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Book Review: The Man who Sold the Moon

Robert Heinlein

Reviewed by:
On January 18, 2015
Last modified:January 18, 2015


The Man who Sold the Moon is actually a collection of short stories, and is part of a series of books loosely chronicled in a timeline at the beginning of the book.

This is one of several hundred very old sci-fi paperbacks my folks were dispensing with a few years back.  I couldn’t bear to let them go, although I don’t know that I will live long enough to read all the books I have now.  I like what I have read of Heinlein, so I grabbed this one for a quick diversion.

The Man who Sold the Moon is actually a collection of short stories.  The copy I have is a signet paperback, published in March of 1951.  The pages are yellowed, the cover had to be reinforced with some scotch tape, and it’s got that funky old book smell.  But, it was nothing that stopped me from reading it!

The beginning of the book contains a big timeline chart, showing the “future” (some of which has actually already transpired since the writing of the book) and chronologically associates stories, events, and technological developments from 1975 to 2600.

This timeline is fairly meaningless to the reader until reading the book.  However, the preface sheds some light on its inclusion.  Evidently Heinlein borrowed the idea from Sinclair Lewis.  Heinlein didn’t inititially tell anyone about it, but nonetheless felt constrained to write in conformance with it over the course of 10 years.  He alludes to this being a two-edged sword with the quotation at the start of the preface. “It does not pay a prophet to be too specific.”  L. Sprague de Camp.   The Man who Sold the Moon contains 4 short stories, and as it turns out, is one of several books in the series (and, fortunately for me I seem to have them all).   What’s interesting about these stories is that they are only related in as much as they transpire within the same universe.  Each story features its own set of characters and builds on the technological or societal events referenced in the others, but is otherwise a stand-alone work.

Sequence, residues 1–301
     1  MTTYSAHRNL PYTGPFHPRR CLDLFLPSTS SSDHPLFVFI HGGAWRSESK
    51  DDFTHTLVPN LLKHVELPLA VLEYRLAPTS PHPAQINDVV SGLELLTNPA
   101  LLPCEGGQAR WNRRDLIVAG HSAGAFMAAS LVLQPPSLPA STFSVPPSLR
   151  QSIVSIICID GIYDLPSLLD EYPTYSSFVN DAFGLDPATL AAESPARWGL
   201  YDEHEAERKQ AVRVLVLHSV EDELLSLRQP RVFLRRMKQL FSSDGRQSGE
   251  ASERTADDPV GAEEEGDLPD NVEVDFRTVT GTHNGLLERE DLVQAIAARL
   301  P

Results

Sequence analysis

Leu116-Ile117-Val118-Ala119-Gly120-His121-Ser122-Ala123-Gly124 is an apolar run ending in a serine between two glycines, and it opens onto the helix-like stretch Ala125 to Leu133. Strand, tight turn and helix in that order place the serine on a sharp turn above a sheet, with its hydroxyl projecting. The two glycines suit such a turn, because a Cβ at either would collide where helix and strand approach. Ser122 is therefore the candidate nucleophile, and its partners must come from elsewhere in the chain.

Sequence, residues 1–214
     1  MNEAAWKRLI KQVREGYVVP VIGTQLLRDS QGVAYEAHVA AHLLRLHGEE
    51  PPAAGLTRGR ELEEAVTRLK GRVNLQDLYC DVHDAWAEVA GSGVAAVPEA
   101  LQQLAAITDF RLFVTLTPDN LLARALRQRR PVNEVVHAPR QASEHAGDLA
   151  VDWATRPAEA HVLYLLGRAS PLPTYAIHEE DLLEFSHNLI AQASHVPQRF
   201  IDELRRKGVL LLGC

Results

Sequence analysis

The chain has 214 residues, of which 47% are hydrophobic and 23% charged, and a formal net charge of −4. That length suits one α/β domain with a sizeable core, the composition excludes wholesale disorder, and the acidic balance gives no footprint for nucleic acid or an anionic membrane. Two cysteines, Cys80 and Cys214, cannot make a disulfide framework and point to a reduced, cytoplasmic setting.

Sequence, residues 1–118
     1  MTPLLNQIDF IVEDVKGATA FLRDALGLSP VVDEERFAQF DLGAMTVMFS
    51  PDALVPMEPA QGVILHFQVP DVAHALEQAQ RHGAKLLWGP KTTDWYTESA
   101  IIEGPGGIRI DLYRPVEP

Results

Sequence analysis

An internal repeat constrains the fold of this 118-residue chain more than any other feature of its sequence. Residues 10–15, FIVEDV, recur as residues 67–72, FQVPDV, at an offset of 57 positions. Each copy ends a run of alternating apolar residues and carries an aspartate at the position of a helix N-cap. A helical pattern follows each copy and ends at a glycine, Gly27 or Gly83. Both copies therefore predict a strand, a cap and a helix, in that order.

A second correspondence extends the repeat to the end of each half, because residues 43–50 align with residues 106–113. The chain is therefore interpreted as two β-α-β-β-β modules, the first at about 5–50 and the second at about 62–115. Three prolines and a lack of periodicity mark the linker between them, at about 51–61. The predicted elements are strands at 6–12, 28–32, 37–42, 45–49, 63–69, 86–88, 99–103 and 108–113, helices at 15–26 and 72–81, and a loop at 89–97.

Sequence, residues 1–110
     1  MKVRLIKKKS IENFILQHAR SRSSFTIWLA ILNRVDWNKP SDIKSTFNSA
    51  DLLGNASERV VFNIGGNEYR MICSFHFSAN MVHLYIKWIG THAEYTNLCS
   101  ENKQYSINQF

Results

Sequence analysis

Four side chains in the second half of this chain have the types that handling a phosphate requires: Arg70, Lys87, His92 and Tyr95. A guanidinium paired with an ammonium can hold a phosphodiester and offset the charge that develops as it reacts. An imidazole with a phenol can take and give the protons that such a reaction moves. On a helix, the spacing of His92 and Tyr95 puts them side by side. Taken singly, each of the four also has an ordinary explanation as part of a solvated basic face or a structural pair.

Let There Be Light is the first story and is a little campy.  I thought it was the weakest of the lot and felt that the dialog in particular was stilted and phony.  It was short and mostly painless, so I moved on to the next story, hoping for something better.  The Roads Must Roll did not dissappoint!  I REALLY liked this story.  Heinlein creates a philosophy called functionalism that is kind of reminiscent of the present day concept of “too big to fail”.   He also has an interesting way of presenting his hero in a surprising way.  At first you think that the bad guy is the good guy, and that the hero is at best a bureaucrat.  This story was really well done.  The Man who Sold the Moon is the longest of the stories and is also extremely well done.  Heinlein clearly understands advertising, and does a great job with the character Harriman.  Requiem is a very short snippet of continuing the life of Harriman, and feels almost like an epilog to the The Man who Sold the Moon.

This collection is definitely worth reading.  I’m working on the next one, The Green Hills of Earth.


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